I'm making a game in C++ where is a tank that can moves on a stage. The tank has an angle (float, in degrees, and i'm supposing the tank is at 0º when his cannon points to the right), a speed (float), and there is a time constant called "deltaT" (float).
When the player moves the tank forward, I use trigonometry and the physic equation of position in function of time (I mean X(t), i don't know how it says in english) in order to calculate the new tank's coordinates in the stage.
This is my problem: due to the passage from float to int, the values closest to zero are not taken into account. So, at certain angles, the tank appears rotated, but moves in a different direction.
This is what my code does:
1 - first, I separate the speed in its components X and Y, by using the angle in wich the tank is moving:
float speedX = this->speed * cos(this->angle); float speedY = this->speed * sin(this->angle);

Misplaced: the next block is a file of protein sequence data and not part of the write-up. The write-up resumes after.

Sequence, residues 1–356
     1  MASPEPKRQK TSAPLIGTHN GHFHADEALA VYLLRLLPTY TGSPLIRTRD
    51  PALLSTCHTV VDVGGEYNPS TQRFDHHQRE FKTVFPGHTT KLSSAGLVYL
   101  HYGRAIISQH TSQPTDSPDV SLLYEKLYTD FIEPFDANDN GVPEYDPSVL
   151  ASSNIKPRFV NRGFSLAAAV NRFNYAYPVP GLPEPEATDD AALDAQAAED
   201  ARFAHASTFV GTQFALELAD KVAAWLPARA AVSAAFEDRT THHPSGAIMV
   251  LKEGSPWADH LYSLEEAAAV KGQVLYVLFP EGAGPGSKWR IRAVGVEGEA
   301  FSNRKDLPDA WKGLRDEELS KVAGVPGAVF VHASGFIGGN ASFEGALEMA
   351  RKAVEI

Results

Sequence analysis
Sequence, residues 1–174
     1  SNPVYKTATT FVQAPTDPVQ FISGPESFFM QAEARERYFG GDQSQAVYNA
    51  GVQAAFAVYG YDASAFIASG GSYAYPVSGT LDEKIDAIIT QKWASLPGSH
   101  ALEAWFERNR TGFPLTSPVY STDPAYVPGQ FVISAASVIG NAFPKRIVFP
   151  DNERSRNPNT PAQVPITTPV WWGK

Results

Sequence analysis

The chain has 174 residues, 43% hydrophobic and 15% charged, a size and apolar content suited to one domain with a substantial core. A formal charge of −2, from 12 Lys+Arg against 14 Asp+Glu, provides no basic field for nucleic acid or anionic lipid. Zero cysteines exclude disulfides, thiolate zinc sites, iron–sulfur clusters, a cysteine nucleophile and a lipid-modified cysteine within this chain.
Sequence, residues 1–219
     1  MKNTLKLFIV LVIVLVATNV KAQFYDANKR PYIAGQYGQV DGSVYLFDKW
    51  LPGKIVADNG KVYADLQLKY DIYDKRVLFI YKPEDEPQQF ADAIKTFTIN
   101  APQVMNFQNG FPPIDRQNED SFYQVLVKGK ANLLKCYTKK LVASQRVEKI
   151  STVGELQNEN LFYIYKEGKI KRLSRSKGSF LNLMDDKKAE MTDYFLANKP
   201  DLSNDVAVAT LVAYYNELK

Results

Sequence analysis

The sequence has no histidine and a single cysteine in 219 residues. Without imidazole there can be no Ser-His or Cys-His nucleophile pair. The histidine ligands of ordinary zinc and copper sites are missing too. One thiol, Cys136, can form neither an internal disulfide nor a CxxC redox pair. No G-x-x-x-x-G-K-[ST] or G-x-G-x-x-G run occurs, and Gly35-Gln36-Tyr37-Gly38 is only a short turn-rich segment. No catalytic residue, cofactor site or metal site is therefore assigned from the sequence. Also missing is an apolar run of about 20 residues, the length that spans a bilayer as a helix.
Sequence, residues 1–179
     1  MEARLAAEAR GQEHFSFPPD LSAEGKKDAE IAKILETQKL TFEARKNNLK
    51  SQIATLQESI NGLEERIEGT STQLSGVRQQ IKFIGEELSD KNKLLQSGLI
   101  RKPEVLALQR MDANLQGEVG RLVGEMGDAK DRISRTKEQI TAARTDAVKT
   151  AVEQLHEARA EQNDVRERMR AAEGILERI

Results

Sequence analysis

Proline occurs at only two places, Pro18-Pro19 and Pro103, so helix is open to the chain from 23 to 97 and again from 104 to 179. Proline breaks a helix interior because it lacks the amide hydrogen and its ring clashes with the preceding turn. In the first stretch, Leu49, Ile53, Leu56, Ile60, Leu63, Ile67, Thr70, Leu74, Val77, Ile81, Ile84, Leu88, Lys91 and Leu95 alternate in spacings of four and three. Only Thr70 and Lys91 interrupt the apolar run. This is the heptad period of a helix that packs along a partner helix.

2 - then use the equation I mentioned above to get the new coordinates:
this->x = (int) ceil(this->x + (speedX * deltaT)); this->y = (int) ceil(this->y - (speedY * deltaT));
The problem begins at the first step: at certain angles, the value of the cos or the sin is very close to zero. So, when I multiply it for speed to obtain, say, speedX, I still got a very low number, and then when I multiply it for deltaT it is still too low, and finally when apply the ceil, that amount is totally lost.
For example, at 94º, with deltaT = 1.5, and speed = 2, and assuming initial value of X is 400, we have:
speedX = -0.1395... this->x = 400 //it must be 399.86..., but stays in 400 due to the ceiling
So, in my game the tank appears rotated, but moves straight forward. Also, sometimes it moves well backwards but wrong forward, and viceversa.
¿How can I do to make the direction of the tank more accurate? To raise the speed or the value of deltaT are not options since it's about a tank, not a formula 1 :P